Anne Burghardt, general secretary of the Lutheran World Federation (LWF), visited the United States during the first week of February. Her trip began Feb. 1 at the Lutheran Center in Chicago, where she met and worshiped with ELCA leadership and staff.

During a session with ELCA communicators Burghardt shared her thoughts on what the ELCA and the larger Lutheran community have to offer in a fraught global moment. “The Lutheran church has a big gift, which is its theology—the ability to not give very simplistic answers but to bolster critical thinking,” Burghardt said. “In today’s complex world people are often looking for simplistic answers just in order to feel secure, but this is not necessarily what brings us forward.

“So, through fostering critical thinking and really not being afraid of asking difficult questions, I believe Lutherans have a lot to offer, not only to their own church members but also to the wider society. Another important aspect I’d like to highlight is the understanding of God’s holistic mission, as it is expressed through proclamation, worship, diakonia and public witness. As much as I have seen from the life and work of the ELCA, there is a strong understanding that our participation in God’s holistic mission needs to be supported and strengthened, as this is one of the primary callings of the church.”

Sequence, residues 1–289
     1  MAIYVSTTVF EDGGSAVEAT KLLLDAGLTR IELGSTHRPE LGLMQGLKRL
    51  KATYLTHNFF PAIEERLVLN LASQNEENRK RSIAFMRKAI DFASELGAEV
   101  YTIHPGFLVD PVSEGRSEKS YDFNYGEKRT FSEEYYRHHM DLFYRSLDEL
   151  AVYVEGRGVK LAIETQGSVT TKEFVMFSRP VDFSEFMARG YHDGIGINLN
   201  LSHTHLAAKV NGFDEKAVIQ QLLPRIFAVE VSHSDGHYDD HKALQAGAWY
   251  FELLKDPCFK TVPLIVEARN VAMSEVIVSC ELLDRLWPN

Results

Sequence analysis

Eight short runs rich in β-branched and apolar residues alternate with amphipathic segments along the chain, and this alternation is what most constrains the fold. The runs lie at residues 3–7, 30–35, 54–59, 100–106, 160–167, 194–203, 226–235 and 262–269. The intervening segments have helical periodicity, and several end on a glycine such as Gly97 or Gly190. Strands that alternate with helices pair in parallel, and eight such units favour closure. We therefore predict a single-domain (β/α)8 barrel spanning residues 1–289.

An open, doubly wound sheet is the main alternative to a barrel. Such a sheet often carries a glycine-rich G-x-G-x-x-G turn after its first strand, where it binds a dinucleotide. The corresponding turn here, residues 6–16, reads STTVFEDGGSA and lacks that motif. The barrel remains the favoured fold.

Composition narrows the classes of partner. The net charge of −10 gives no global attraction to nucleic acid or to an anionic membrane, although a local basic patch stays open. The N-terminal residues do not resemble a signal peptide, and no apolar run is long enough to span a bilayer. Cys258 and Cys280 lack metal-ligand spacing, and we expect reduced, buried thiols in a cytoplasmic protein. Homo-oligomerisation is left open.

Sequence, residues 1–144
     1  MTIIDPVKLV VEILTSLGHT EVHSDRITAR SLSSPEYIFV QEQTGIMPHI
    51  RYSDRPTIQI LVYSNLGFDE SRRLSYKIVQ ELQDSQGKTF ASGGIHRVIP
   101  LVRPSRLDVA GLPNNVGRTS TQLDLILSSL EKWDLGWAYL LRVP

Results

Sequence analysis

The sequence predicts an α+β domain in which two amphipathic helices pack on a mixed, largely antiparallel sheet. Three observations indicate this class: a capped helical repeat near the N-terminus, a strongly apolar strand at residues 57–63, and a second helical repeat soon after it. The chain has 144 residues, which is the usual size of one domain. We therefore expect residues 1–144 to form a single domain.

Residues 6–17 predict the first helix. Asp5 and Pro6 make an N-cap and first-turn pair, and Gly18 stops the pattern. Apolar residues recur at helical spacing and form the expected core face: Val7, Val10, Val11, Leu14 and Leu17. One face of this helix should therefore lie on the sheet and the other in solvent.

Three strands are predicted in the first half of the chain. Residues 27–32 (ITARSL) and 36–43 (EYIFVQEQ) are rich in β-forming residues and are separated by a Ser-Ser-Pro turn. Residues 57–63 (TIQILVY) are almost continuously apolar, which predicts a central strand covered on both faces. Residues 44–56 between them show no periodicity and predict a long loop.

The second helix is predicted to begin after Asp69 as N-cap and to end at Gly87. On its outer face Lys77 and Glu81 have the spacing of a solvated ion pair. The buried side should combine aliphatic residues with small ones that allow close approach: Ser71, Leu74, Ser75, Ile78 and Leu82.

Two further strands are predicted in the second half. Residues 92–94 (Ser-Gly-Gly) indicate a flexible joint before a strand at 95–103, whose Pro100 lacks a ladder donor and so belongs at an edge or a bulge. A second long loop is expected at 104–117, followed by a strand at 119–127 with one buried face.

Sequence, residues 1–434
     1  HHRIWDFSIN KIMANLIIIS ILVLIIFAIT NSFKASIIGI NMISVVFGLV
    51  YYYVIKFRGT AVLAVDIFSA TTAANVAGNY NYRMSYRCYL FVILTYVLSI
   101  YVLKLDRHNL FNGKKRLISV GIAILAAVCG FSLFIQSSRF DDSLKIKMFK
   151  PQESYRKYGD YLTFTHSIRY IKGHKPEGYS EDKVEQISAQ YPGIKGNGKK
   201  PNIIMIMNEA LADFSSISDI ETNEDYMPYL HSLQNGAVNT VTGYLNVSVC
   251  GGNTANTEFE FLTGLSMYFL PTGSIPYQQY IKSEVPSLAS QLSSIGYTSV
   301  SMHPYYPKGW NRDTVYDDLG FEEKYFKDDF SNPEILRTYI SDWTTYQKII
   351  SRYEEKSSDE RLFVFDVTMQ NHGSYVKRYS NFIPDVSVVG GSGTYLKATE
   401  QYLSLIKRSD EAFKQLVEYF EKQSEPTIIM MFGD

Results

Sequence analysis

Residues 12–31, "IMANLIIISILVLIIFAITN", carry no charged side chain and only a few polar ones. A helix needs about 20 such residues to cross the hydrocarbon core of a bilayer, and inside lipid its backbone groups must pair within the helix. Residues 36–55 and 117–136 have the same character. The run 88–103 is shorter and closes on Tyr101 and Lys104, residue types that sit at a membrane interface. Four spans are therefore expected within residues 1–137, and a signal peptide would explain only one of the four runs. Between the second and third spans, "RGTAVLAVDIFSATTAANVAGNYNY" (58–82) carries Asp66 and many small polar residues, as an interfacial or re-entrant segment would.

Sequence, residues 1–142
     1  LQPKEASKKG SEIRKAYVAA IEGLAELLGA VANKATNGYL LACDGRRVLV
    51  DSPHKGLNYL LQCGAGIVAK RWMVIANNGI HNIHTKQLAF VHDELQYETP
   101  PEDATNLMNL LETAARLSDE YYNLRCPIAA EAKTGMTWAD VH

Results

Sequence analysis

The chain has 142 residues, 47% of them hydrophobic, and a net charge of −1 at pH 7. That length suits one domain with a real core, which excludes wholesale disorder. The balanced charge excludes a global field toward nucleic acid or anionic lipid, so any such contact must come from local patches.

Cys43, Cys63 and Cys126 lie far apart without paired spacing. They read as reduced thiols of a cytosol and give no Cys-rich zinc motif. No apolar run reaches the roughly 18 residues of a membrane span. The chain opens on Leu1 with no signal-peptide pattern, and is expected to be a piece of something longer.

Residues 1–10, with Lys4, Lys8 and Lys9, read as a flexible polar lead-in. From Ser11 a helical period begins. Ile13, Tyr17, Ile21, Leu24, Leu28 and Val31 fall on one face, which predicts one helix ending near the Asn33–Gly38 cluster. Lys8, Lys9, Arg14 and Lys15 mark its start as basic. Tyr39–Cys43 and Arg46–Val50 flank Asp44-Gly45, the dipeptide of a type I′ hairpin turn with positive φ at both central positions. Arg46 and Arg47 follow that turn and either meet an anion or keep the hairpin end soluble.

“The Lutheran church has a big gift, which is its theology—the ability to not give very simplistic answers but to bolster critical thinking.”

Burghardt next traveled to New York City, where she met with United Nations representatives and diplomats, including Martin Griffiths, U.N. under-secretary-general for humanitarian affairs and emergency relief coordinator; Miguel Ángel Moratinos, high representative for the U.N. Alliance of Civilizations; and Sergiy Kyslytsya, Ukrainian ambassador to the U.N.

She expressed LWF’s solidarity with Ukraine, discussed the communion’s ongoing support of refugees from Ukraine and emphasized the need for postwar reconstruction in the country. The LWF partners with the U.N. in many areas of humanitarian work, including support for refugees and human rights.

Burghardt also helped launch a report on the LWF’s advocacy around COVID-19 and met with Azza Karam, secretary general of the interfaith organization Religions for Peace, to discuss the role of faith communities in the work for peace. Her time in New York concluded with a visit to Saint Peter’s Church, where Burghardt preached.

The visit ended in Washington, D.C., where Burghardt met Feb. 6 with LWF partners and lawmakers, including representatives of the U.S. Agency for International Development, staff of the U.S. Department of State, and aides to U.S. senators Susan Collins and Patty Murray. A key item on Burghardt’s D.C. agenda was affirming the work of Augusta Victoria Hospital in East Jerusalem, which provides lifesaving services to Palestinians.

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